Astros take series from Rays in finale
Homers by Pence, Lee lead Houston to victory
ST. PETERSBURG -- For the better part of six innings, Scott Kazmir looked relatively unhittable, considering his lone blemish while facing the Astros was a Hunter Pence solo homer that led off the fifth frame.
But Carlos Lee changed the course of the game in the sixth, knocking Kazmir out of the game with a two-out, two-run homer, lifting the Astros to a 3-2 win over the Rays on Sunday at Tropicana Field.
The victory secured the Astros' first series win in June, and it also marked Brandon Backe's first win since May 23, ending a string of three losses in four starts. Their 2-4 record on this road trip is hardly cause for celebration, but considering how scarce wins have been for this team in the last month, the Astros will take what they can get.
Beating a team that had a 30-12 home record prior to Sunday's game gave the Astros cause for celebration, as well.
"It's definitely a start," Wesley Wright said. "When you're struggling, you have to start somewhere and work your way back to where you want to be. This series was a big one for us because they're one of the better teams in the AL. It's kind of a measuring stick to where we're trying to go and what we need to do to get there."
The last month has been a nightmare for the Astros, who since May 30 have been swept three times while winning only five games. The odds were overwhelmingly in the Rays' favor on Sunday, considering Kazmir was a perfect 4-0 and had a miniscule 0.59 ERA at Tropicana Field this year.
Lee's homer was only the fourth Kazmir has allowed this year. Kazmir left the Rays' clubhouse without addressing reporters, but just down the hall, the Astros had plenty to say about the 24-year-old Houston native.
"That guy's tough," Lee said. "That's the reason his ERA is 1.70. He was throwing invisible fastballs. Everybody was late, everybody was missing them. It's funny the way it works. I got to two strikes and all I was trying to do was make contact. I guess that's what you have to do against guys like that."
Added manager Cecil Cooper: "The hitters were saying that the fastball was running in and running out. He's got good stuff. They have a pretty good staff over there. That's why they win."
Fortunately for the Astros, Backe was just a little better. He yielded a two-run homer to Evan Longoria in the second inning, but he held the Rays at bay for the remainder of his outing, giving up only three hits over the next 4 2/3 innings.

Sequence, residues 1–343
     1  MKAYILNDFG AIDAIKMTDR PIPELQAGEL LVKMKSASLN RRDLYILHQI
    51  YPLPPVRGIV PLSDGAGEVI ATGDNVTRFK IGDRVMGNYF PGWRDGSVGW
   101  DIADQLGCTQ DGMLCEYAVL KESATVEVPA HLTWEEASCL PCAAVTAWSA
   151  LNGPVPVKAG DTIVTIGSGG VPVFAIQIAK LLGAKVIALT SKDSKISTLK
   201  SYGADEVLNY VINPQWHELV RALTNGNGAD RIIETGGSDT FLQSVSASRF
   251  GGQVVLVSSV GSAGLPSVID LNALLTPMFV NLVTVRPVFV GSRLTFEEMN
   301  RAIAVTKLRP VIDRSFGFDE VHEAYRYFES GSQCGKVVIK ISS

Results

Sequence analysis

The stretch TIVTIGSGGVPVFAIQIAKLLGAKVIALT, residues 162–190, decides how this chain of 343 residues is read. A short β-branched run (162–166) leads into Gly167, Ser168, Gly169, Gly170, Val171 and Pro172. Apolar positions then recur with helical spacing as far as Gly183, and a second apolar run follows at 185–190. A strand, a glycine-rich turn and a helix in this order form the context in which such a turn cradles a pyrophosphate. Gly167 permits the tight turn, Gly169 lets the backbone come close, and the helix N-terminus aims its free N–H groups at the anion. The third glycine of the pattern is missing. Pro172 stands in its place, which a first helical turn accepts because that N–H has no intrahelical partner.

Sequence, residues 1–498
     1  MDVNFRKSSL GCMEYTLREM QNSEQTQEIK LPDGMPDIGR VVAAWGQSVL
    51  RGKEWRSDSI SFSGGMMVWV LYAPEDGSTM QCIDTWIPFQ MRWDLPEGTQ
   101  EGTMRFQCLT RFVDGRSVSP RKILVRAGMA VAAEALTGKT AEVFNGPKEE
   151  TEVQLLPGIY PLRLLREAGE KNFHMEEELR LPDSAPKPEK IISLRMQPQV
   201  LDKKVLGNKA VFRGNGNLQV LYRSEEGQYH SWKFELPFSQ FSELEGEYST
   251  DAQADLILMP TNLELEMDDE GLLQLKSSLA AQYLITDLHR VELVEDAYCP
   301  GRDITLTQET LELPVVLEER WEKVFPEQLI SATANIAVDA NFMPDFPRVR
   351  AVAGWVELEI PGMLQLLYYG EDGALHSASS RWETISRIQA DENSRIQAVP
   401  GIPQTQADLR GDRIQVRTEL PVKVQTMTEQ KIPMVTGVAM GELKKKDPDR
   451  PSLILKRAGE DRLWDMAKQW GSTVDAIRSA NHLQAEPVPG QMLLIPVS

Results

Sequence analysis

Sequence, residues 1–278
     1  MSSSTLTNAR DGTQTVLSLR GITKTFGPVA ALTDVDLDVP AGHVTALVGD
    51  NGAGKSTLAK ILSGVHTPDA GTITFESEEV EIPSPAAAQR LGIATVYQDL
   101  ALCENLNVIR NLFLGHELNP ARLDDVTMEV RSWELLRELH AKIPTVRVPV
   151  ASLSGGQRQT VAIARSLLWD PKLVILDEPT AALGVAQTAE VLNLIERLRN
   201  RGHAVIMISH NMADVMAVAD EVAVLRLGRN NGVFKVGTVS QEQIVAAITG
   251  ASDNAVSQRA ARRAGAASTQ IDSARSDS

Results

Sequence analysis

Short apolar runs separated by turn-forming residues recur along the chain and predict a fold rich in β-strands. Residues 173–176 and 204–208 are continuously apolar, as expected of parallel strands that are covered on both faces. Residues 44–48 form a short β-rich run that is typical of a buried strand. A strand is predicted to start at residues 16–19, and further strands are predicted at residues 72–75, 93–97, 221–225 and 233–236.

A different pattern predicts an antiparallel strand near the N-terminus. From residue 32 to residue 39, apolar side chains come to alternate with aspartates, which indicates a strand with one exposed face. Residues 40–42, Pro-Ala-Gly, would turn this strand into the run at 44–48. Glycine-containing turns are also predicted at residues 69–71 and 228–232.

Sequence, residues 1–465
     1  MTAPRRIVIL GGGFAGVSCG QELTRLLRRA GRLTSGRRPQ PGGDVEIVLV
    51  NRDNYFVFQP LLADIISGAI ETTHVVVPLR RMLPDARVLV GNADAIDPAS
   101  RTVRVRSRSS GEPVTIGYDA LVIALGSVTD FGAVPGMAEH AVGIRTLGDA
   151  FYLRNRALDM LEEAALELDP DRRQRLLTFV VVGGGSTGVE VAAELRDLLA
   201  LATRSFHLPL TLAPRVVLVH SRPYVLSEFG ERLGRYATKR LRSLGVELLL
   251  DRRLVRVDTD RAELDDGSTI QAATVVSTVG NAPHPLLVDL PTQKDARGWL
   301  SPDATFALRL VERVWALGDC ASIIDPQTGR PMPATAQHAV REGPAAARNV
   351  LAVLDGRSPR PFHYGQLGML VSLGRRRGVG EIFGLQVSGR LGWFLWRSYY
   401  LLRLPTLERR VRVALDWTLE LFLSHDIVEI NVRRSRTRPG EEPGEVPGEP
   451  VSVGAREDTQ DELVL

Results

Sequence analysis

"He had his curveball, he hit his spots, he had his changeup," Cooper said. "When Brandon pitches like that, he can be very effective."
Backe ended a three-game losing streak and logged his first win since May 23, when he beat the Phillies at home after allowing one run over 7 1/3 innings.
Remembering where the Astros are in the National League Central standings, Backe brushed off questions about his personal achievements.
"Let's put aside the individual stats here," he said. "It's nice to have a win, obviously, under my belt. I know it's been a long time. But we're a team struggling right now, regardless of who gets the win or who gets the loss."
In the seventh, Backe yielded a two-out walk to Jason Bartlett, and Akinori Iwamura followed with a base hit up the middle. Cooper called for Wright to face left-handed-hitting Carl Crawford, who struck out swinging at a 2-2 fastball clocked at 93 mph.
"It was a situation where I was really putting all my focus into trying to get ahead, trying to get him to chase," Wright said. "He's a tough out. I didn't want to give him anything too good, so I kind of worked the count, then when it got to 2-2, I said, 'Let's see what happens.' I was able to get the strikeout."
Backe, watching from the dugout, said he was "ecstatic" when his teammate fanned Crawford.
"Carl's a pretty tough hitter," Backe said. "Obviously, he's shown it in the past. I like the matchup with Wesley against him, even moreso than keeping me out there. He prevailed. I thought it was going to be maybe a strikeout on a slider, and he showed me something, putting a fastball by him right there."
The Astros are only 5-14 in June, and during that time, they've watched their record fall from two games over .500 to six games under. On June 1, they were tied for third place and seven games behind the front-running Cubs. After their win Sunday, they were in fifth place, 12 1/2 games back.
"They're way better than their record," Rays designated hitter Cliff Floyd said. "Their pitching pitched way better than their record shows, so if you ask some of us if we had some opportunities, I definitely had some and I know some of the other guys will say the same thing. I know they are expected to win, because Cecil Cooper demands that."
Alyson Footer is a reporter for MLB.com. This story was not subject to the approval of Major League Baseball or its clubs.